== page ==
Tuesday, May 26, 2009

Toei Tokusatsu Hero Box - Disc 4

(See? I haven't forgotten this.)

Some odd shows cropped up in the latter half of the 1970s. I know there are folks who would label the entire tokusatsu genre "odd", but Toei really seemed to be trying to do something different from the standard henshin hero at that time. The results were...well, mixed. This disc contains some cinematic artifacts of that period.

THE KAGESTAR was apparently an attempt to do an "American" style superhero show. Check out the dude's overly large star-spangled cape just for starters! As I understand it, there were also a lot of villains who were completely unconnected to one another. Well, they get to team up here, but my enduring memory of this featurette is the hero jumping to kick a huge satellite dish OFF A MOUNTAIN. This was sort of out there even by the standards of the folks who gave us the Kamen Riders.

KYODAIN is the slightly unholy result of merging the Toei hero aesthetic with a style akin to ROBOKON. I can't call it bad, per se, but some of the action sequences are almost headache-inducing the way they are set up. This series is notable for being the only non-Rider tokusatsu to feature Takeshi Sasaki ("Hayato Ichimonji"), and it co-stars singing star Mitsuko Horie.

NINJA CAPTOR is obscure even by Toei superhero standards, and that is saying something. It's a 7 member team of heroes, in a move that both does and doesn't anticipate super sentai (it comes after GORANGER, but before BATTLE FEVER J). The real novelty is that the team includes both Daisuke Ban (Naoya Ban here) and Kenji Ushio! Yes, you too can marvel to Jiro and Jigoku Daishi fighting for the same side!

DAI TETSUJIN 17 ("Giant Iron Man 17") is represented with two separate movies. The first is made up primarily of the first episode, with some of the second one thrown in for good measure. The editing on this pretty much throws continuity out the window. The second is a full episode, and is the last stand of the villainous Captain Roper! OK OK, that's his character's name in the American English dubbed compliation video BRAIN 17, but you've got to admit it has a nice ring! And you sure can't go wrong with legend AKIHIKO HIRATA in the role, either!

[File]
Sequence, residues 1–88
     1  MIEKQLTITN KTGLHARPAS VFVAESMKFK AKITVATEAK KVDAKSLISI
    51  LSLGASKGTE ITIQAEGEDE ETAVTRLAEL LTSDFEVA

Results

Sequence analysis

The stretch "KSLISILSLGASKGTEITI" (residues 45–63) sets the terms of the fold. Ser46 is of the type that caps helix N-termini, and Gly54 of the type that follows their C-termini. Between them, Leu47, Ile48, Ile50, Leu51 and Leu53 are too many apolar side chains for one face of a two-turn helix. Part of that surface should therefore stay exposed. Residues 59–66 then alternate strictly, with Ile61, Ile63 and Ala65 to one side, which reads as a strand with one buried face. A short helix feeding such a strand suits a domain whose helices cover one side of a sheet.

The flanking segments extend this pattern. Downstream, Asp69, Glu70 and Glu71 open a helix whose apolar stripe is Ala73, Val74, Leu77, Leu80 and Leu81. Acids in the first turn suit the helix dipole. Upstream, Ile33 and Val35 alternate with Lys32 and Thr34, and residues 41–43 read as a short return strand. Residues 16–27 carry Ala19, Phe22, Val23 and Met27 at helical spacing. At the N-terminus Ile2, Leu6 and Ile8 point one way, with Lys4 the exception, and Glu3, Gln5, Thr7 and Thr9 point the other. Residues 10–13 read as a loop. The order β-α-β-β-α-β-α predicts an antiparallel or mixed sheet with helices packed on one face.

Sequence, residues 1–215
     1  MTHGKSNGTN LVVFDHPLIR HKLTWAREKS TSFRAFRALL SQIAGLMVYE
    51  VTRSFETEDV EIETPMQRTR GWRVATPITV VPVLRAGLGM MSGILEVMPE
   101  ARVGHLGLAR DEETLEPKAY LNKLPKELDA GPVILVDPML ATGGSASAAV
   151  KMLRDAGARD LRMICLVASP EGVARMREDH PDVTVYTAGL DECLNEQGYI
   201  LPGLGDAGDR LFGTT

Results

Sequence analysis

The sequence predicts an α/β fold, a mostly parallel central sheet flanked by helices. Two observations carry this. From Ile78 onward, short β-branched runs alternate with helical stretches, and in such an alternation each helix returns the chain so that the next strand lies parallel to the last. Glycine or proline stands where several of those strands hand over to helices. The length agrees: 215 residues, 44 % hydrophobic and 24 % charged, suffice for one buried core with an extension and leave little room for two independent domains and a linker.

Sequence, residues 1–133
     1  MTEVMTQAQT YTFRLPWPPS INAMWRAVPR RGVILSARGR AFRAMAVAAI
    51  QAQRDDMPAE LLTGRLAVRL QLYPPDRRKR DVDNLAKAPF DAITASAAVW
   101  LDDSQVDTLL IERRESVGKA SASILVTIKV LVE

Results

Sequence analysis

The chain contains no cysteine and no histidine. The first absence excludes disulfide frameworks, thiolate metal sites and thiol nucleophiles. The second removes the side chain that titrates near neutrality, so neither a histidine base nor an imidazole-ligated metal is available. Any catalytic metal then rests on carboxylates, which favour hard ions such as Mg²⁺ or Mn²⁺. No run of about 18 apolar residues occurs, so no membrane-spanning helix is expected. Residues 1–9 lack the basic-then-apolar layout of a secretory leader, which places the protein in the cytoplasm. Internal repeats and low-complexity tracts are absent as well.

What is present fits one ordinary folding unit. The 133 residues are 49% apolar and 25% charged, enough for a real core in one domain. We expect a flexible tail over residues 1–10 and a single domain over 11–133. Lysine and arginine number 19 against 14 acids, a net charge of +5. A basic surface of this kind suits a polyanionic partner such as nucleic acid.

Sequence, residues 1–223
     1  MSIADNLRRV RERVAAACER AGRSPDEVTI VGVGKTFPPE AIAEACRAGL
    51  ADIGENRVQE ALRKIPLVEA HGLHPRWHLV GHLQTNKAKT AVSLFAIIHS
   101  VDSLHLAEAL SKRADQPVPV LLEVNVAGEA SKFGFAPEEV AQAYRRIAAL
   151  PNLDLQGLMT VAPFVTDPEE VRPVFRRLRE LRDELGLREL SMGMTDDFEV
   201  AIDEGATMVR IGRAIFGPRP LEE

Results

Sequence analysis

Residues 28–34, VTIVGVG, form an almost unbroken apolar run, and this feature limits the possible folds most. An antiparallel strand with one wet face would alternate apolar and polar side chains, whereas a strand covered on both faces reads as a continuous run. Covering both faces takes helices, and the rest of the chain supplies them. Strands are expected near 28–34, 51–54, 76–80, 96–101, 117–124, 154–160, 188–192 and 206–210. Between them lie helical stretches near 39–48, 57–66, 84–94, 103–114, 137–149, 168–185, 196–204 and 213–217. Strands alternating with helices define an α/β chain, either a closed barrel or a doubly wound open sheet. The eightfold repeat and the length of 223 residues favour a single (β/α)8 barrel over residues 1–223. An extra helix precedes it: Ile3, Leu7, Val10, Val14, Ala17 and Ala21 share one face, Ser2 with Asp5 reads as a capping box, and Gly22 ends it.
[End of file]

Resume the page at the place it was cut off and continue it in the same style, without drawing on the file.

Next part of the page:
DAI TETSUJIN 17 is a show of many influences. Though credited to the pen of Shotaro Ishinomori, it's hard to miss its similarties to Mitsuteru Yokoyama's TETSUJIN 28/GIGANTOR and GIANT ROBO/JOHNNY SOKKO AND HIS FLYING ROBOT. If this wasn't a Toei show, it would probably be actionable. There are also strong thematic connections to both the animated "super robot" shows and Tsuburaya's giant hero genre. In many ways, I'd call DAI TETSUJIN 17 Toei's most atypical 1970s tokusatsu show. I also think it may be one of my favorites.

With the possible exception of DAI TETSUJIN 17, none of the shows featured on this disc are well-remembered today even in tokusatsu fan circles. While I wouldn't call any of them a "must see", they all manage to be entertaining in their own right. Well, maybe not KYODAIN - I'll let you judge that for yourself if you get the chance.

Next time in this ongoing review series (when I remember it), we'll talk about Disc 5! That's right, I have no special hook for you on this entry. Sadness.

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